When the cats saw us, they all piled up at the front door, where the Animal Control Officer kept them occupied. I entered through the side door which allowed me to get inside without any cats escaping. As soon as they saw me, they swarmed and I had to tear open the 25 pound bag of cat food. They just climbed right into the bag, scrambling over oneanother because they were so hungry.
We had brought bags of litter and large cardboard boxes to provide clean bathrooms, and were able to obtain several jugs of water from a neighbor.
The cats were friendly and seemed healthy. Unfortunately none of them were neutered, so it is assumed they had interbred. The range of ages were 5 weeks to approximately 5+ years. I made some phone calls and many people jumped to assist us: the Merrimack Valley Feline Rescue donated distemper vaccines, feline leukemia/FIV combo tests and worming medication. The Feline Friends Rescue volunteered help, and a few of my Veterinary Technician friends volunteered their time. We gave them physicals, vaccines, tests (all negative, thankfully), and wormed them. The Animal Rescue League in Bedford, NH was gracious enough to take all the of cats and adopt them.
I chose to take a 6 month old white with black named Spanky. He was petrified of people and literally climbed the walls to get away. I knew he would not do well in the shelter. I balanced him out with an overly-friendly black with a bit of white littermate, named Lulu. I have found that animals take cues from one another, and I knew that Spanky would be looking at Lulu for comfort and learning in new situations.
I also adopted a 5 week old kitten named Ricky, who was diagnosed with congenital cataracts and was expected to be blind by the time he was a year old, may possibly have distemper, etc. He also had a mysterious black yeasty substance all over his face, eyes and in his ears. I had taken him to 4 different veterinarians, who were not familiar with whatever he had. After 4 years, I finally found, Dr. Holub who does help with Tufts Animal Hospital. He explained that Ricky (who did not have distemper, nor cataracts and was not blind), had allergies. Allergies in animals do not manifest like they do in humans, with itchy watery eyes, congestion and sneezing. In animals, allergies usually manifest in skin conditions. In Ricky's case, his allergies manifested in an over production of black yeast in the hair follicles, known as Malazizia Pachydermitits. With the help of Dr. Anne Johnson, we did a blood allergy test. Poor Ricky is allergic to numerous grasses, tree pollen, black ants, 2 types of dust mites and a slew of other things. He now gets an allergy injection every 14 - 21 days and a monthly bath to keep the yeast at bay. I love all my cats, but Ricky is so completely special. He and I have this amazing connection, he is my "Soul Kitty".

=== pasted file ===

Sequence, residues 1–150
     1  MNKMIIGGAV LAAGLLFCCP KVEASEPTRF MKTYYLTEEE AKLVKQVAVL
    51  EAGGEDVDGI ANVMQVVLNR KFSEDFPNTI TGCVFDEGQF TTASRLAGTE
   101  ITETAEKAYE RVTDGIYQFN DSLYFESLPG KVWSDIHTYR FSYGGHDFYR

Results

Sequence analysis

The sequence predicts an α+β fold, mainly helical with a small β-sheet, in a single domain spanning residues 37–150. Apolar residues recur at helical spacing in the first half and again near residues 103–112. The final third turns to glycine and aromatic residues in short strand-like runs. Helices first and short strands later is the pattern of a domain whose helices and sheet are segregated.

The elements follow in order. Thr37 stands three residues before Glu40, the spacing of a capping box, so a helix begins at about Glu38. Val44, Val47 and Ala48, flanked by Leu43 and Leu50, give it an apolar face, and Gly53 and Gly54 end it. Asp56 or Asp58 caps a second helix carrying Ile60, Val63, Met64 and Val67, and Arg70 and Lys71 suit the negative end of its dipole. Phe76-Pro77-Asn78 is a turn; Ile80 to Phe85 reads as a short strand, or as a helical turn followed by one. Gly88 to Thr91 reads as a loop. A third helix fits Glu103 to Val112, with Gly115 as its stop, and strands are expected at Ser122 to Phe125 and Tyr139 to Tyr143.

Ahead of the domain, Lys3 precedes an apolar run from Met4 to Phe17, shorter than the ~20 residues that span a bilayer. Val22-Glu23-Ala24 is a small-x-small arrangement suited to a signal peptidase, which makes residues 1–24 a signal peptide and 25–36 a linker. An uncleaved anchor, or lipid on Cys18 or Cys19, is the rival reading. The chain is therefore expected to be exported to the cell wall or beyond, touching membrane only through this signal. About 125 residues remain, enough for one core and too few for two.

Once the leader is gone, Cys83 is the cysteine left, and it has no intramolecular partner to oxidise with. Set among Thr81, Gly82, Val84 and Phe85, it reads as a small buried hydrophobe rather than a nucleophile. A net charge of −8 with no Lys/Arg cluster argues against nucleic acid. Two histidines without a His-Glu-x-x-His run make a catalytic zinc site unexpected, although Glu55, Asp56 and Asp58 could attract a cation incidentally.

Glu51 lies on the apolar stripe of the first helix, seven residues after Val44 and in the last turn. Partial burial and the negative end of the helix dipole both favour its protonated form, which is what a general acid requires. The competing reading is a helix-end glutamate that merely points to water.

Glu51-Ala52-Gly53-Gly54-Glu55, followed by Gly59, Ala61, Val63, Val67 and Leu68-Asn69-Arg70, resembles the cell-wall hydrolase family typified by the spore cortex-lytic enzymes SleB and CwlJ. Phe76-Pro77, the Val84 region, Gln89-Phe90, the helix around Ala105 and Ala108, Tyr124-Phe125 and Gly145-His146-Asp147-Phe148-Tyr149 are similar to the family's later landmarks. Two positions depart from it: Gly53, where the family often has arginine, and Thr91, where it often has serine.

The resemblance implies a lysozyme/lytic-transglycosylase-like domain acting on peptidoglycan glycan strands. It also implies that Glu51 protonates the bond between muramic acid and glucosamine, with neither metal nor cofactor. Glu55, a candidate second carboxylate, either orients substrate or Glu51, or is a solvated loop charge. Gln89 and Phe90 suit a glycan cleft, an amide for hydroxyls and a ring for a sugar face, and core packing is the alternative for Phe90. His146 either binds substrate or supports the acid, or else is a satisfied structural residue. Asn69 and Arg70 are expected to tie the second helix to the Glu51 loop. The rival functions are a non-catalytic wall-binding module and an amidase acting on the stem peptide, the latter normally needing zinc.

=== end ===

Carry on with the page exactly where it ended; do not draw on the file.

All three kitties (Lulu, Spanky and Ricky) acclimated into my home as if they had never been anywhere else and are doing fine with my other 7 cats! Lulu is still loveable and Mr. Spanky is an insatiable cuddle bug! I am so lucky to have them in my life.
Rescued Cat - Raina
Raina was apparently thrown from a car in the southbound high speed lane, just before exit 4 on the Everett Turnpike in Nashua.
I came across an unbelievable scenario driving down Everett Turnpike just before Exit 4. A young 8 month old female cat was clinging as close to the middle barrier as she possible could, in the pouring rain. I could not believe my eyes so I got off at Exit 4, and got back on to come around and sure enough, it was a cat. I pulled over into the break down lane and soon there after a Nashua Police Officer pulled up behind me. Thinking there was hope, I was glad to see him. He came up to talk, I told him the situation, he saw the cat and demanded that I leave, the cat got there and she will leave on her own. I left infuriated, my daughter was with me and I instructed her to call everyone we knew in rescue (and we know a lot). I turned around and went back, figuring the officer was going to have to arrest me, because I was not going to leave that area until I knew she was safe. Soon, three rescuers came armed with capture equipment. I called Maureen of the Bedford Shelter and she called the NH State Police, who came down and he met up with the same officer who made me leave, the State Officer made him stop all lanes on the highway, so we could rescue her, now named Raina. After examination, we found that all 4 paws were raw, she was pretty scraped up and emaciated. The evidence pointed to the probability that she was thrown from a moving vehicle. It took months but she recovered and is happy in her forever home.
Dori has done many animal rescues over the last 3 decades. As time permits, she will be writing about these rescues. Check back to read more.